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A Sport for Everyone? Inclusion and Exclusion in the Organisation of the First Olympic Modern Pentathlon

Abstract : The Olympic Games in Stockholm, 1912, were the first taking place without connection to a world exhibition. Thus, the sports competitions took centre stage. The modern pentathlon was new in the programme. Though the sport met Pierre de Coubertin's ideological support and Viktor Balck's encouragement, its staging caused more problems than the organising committee originally expected: as hardly any pre-experiences with this competition existed, debates were frequent and agreements not always easily achieved. One of the greatest problem was related to the allowance of participants without own horse. Still 1 week before the competition started, the question of loan horses remained unsolved. At the same time, a woman's participation request troubled the organisers.This research aims at exploring the work of the organising committee when planning and implementing the first Olympic modern pentathlon in 1912. It focuses on two aspects which best reflect the power relations in society at that time and thereby provide insights into the strength of socially conditioned images of class and gender orders at the beginning of the twentieth century. The research is mainly based on an analysis of historical material from the Archives of the International Olympic Committee (IOC) in Lausanne and from the National Archives in Stockholm.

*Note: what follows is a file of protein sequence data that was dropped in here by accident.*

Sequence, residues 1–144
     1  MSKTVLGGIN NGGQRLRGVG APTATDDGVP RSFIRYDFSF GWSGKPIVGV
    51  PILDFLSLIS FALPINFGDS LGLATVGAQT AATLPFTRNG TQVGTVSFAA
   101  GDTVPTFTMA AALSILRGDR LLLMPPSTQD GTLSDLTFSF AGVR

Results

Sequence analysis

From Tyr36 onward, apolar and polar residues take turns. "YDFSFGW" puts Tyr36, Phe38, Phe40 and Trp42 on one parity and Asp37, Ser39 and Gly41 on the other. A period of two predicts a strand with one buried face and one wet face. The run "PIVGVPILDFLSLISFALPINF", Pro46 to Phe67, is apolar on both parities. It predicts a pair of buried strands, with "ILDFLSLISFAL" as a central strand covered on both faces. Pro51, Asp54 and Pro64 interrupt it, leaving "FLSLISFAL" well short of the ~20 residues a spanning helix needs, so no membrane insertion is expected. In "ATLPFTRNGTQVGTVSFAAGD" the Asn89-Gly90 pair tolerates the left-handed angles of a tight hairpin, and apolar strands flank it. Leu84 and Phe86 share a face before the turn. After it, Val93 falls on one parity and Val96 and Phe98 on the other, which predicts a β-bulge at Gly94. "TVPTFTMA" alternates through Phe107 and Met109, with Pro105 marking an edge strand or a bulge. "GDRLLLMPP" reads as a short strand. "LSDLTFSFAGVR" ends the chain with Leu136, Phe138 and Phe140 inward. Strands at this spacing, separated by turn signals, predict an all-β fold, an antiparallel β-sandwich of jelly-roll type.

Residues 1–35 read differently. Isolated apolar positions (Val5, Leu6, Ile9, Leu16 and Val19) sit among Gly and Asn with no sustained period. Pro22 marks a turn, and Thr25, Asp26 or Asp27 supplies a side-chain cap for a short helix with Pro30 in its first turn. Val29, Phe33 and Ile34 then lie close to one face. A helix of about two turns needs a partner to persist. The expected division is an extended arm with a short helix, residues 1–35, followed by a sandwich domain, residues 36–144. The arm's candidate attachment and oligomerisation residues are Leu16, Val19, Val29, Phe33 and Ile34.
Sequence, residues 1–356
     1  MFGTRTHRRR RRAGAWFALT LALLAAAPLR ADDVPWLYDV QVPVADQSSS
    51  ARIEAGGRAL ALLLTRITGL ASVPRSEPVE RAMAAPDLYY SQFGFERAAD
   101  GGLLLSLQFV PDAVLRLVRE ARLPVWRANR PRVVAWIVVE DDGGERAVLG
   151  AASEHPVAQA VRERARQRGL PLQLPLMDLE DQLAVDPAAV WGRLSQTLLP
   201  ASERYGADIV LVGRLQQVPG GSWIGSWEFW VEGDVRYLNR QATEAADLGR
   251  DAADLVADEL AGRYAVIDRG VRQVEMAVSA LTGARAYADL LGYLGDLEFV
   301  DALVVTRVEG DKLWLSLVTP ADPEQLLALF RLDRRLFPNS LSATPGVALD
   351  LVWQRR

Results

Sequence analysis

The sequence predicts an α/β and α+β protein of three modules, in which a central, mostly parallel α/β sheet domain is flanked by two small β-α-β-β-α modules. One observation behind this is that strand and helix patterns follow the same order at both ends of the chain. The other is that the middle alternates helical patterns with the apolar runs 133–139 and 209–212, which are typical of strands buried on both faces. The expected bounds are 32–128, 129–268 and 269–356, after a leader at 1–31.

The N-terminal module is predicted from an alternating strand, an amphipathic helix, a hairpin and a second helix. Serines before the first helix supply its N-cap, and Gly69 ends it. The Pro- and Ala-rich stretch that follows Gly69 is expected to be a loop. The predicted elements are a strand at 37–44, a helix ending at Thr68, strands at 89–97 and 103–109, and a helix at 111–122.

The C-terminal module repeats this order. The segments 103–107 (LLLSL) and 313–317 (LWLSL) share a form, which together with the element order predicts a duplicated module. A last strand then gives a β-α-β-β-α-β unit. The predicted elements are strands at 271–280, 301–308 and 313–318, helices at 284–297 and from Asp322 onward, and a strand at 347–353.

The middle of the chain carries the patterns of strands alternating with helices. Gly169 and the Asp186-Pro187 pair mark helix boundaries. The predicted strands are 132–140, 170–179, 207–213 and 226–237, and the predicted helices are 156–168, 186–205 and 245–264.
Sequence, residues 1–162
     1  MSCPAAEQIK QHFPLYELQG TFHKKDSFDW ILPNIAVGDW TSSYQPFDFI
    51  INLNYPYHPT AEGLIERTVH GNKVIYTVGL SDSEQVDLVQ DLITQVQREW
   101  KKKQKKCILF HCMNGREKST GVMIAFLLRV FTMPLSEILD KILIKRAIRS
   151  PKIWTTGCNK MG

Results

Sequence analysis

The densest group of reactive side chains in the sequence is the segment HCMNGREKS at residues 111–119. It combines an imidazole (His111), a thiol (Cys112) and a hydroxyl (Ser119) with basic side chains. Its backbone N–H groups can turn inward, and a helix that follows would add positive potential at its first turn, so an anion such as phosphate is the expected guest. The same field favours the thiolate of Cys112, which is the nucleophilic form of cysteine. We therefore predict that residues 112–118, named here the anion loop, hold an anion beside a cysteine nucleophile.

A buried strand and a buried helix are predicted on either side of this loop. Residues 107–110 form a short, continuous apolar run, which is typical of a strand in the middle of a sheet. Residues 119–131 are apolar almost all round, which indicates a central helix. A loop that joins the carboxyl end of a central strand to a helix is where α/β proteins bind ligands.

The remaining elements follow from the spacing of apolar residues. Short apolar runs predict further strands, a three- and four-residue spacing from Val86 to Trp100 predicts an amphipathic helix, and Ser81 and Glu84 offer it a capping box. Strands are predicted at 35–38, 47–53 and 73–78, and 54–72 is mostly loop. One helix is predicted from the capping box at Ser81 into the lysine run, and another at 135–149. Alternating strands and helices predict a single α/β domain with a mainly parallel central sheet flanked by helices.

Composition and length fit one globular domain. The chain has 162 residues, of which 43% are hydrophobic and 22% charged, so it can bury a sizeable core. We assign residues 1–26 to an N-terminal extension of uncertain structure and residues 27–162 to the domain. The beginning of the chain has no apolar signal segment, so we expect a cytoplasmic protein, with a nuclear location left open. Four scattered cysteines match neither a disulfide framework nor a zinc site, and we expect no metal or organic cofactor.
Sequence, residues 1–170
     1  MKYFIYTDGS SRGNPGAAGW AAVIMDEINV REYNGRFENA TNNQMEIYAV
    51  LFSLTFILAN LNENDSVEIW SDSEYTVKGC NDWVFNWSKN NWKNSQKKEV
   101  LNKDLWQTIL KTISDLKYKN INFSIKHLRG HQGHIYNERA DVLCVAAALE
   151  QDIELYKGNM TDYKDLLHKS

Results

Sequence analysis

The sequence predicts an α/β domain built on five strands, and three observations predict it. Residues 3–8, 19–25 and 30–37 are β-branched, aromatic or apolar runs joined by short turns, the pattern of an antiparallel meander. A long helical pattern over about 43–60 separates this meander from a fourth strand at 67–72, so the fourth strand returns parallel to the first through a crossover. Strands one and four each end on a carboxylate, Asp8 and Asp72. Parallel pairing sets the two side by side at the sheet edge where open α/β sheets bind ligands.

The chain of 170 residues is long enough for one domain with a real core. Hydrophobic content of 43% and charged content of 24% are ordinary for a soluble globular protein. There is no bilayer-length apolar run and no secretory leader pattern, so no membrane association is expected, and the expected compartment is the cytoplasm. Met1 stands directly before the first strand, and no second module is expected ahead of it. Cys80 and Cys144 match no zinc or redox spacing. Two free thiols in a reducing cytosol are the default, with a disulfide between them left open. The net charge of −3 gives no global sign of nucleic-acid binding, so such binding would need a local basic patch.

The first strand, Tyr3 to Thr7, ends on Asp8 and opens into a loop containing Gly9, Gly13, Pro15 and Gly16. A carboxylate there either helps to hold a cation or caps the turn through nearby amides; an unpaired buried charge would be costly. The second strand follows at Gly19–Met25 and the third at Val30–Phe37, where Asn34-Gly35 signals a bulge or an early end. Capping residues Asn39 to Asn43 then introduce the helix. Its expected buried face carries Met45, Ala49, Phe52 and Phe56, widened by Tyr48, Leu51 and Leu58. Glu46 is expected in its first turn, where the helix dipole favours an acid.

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https://hal-univ-lyon1.archives-ouvertes.fr/hal-02336756
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Submitted on : Tuesday, October 29, 2019 - 9:57:11 AM
Last modification on : Tuesday, November 19, 2019 - 2:38:30 AM

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Sandra Heck. A Sport for Everyone? Inclusion and Exclusion in the Organisation of the First Olympic Modern Pentathlon. The International Journal of the History of Sport, 2014, 31 (5), pp.526-541. ⟨10.1080/09523367.2013.798305⟩. ⟨hal-02336756⟩

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